The top wireless companies, along with cable and satellite providers Charter, Comcast, Cox and DISH are investing billions of dollars in marketing, advertising and infrastructure to seize the lead in the fierce competition for 5G.
Because there’s gold in those 5G airwaves. The path to profit and preeminence depends almost entirely on how much spectrum the companies can garner from the U.S. government. But getting there will not be cheap. Americans want the latest, fastest, and coolest technology and telecom companies are spending to deliver it.
More spectrum needed
As the agency directly responsible for spectrum management, the FCC’s views on 5G are critical. FCC Commissioner Brendan Carr has emerged as one of the leading proponents of a more focused 5G policy. He recently noted, “You need to make more spectrum available to win the race, and right now we’ve made more spectrum available than any other country in the world.”
While spectrum is a finite resource, it can be repurposed. The U.S. government controls and manages how it is used by commercial entities and public purposes. It also has the capacity to reallocate certain bands of spectrum for new or high demand purposes, as it did reallocating broadcast spectrum for wireless spectrum in 2016.
According to outgoing Secretary of Commerce Wilbur Ross, advancing a 5G mobile broadband network is a priority for America. Ross said, “Whoever pursues it, whoever does it, we’re very much in support of 5G. We need it. We need it for defense purposes, we need it for commercial purposes.” Of course, Ross’s comments come amidst growing concern that the U.S. may lag behind China, the European Union, Japan and South Korea, which have made 5G technology a national priority.
Spectrum auctions bring big bucks
Recent auctions of spectrum have yielded impressive results. For example, over 14,000 spectrum licenses were awarded in March 2020, Auction 103, one of the series of major spectrum auctions. With bids totaling over $7.5 billion, 14,142 licenses were awarded to 28 bidders for 5G expansion in the 3,400 MHz millimeter wave spectrum.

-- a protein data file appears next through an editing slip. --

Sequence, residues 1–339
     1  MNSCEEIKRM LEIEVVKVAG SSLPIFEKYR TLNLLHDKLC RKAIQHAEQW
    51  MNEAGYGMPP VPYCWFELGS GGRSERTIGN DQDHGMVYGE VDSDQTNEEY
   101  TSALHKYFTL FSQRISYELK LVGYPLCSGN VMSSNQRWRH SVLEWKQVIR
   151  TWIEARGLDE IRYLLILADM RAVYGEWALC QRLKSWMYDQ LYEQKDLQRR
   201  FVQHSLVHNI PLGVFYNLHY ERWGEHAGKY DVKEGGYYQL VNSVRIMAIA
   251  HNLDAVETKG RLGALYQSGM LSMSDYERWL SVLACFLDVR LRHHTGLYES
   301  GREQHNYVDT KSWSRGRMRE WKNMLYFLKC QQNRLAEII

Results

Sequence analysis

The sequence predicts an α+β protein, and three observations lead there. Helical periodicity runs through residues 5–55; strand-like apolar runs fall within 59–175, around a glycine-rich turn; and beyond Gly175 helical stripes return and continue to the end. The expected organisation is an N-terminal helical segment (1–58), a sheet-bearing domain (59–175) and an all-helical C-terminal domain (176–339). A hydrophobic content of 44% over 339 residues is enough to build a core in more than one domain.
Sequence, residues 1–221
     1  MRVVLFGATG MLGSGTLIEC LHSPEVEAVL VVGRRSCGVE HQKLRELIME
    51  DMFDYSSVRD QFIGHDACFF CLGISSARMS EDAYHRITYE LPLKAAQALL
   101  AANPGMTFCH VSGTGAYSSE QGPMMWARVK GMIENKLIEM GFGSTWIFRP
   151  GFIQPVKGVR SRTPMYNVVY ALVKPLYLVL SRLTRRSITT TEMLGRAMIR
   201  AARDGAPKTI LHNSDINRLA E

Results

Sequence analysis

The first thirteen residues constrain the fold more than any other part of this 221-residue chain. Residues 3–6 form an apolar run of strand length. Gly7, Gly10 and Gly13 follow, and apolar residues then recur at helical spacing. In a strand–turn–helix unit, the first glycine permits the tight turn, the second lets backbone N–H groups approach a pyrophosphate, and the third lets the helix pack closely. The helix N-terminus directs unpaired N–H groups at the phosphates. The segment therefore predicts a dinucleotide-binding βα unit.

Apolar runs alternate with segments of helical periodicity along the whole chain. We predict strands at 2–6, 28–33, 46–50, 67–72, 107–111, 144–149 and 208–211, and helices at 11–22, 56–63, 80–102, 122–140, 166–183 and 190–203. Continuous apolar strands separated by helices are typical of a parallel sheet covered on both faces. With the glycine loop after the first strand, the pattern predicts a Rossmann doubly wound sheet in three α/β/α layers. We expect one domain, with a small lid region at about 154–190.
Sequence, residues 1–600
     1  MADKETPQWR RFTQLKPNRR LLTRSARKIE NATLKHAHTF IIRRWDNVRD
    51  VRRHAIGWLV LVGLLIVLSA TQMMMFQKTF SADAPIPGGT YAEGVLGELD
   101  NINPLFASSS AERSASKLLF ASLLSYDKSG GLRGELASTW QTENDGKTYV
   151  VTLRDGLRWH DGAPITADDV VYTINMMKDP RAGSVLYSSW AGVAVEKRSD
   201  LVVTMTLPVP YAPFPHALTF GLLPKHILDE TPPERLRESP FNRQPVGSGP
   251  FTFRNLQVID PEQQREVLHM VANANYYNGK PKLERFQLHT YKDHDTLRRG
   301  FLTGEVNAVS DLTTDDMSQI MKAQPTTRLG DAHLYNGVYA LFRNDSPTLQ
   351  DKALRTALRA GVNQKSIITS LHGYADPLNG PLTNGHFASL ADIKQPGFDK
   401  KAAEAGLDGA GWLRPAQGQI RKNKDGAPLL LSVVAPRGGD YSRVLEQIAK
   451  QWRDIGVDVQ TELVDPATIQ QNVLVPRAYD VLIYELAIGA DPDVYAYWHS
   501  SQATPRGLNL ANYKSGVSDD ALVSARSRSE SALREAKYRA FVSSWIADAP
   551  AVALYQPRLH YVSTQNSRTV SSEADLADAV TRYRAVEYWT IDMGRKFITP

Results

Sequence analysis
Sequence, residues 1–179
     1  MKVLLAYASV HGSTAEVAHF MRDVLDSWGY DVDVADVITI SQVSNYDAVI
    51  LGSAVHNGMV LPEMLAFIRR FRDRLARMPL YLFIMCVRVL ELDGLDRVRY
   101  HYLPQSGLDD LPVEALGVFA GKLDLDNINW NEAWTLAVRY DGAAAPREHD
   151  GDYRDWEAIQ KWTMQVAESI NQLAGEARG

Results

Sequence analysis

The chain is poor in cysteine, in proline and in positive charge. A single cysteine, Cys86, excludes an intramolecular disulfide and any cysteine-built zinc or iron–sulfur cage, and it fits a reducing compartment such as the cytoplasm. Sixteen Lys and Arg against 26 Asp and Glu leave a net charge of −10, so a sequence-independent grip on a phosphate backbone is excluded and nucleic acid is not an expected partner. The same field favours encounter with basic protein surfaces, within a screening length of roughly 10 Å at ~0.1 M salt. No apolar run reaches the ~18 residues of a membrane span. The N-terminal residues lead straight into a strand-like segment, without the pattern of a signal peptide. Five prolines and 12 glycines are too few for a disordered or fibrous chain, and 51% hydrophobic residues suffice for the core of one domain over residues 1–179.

Auction 105 completed in September 2020 was yet another big step in the American march toward 5G. The net proceeds totaled over $4.5 billion where a total of 228 bidders won 20,625 licenses.
As American companies chase their Chinese and European competitors for 5G dominance, there remain a number of challenges. Congress and the new Biden administration have to repurpose underutilized spectrum without penalizing incumbent spectrum holders. In their quest to recoup investment, the companies must resist the urge to exploit consumers who just cannot help themselves.
The path to 5G is pricey indeed, but it is lined with both promise and profit. While it may appear to be a sprint, the race is really a marathon that will be with us for quite some time to come.
Adonis Hoffman is CEO of The Advisory Counsel, Inc. He is a former chief of staff and senior legal advisor at the FCC and served in legal and policy positions in the U.S. House of Representatives. He has also served as an adjunct professor at Georgetown University. Follow him on Twitter @AdonisHoffman.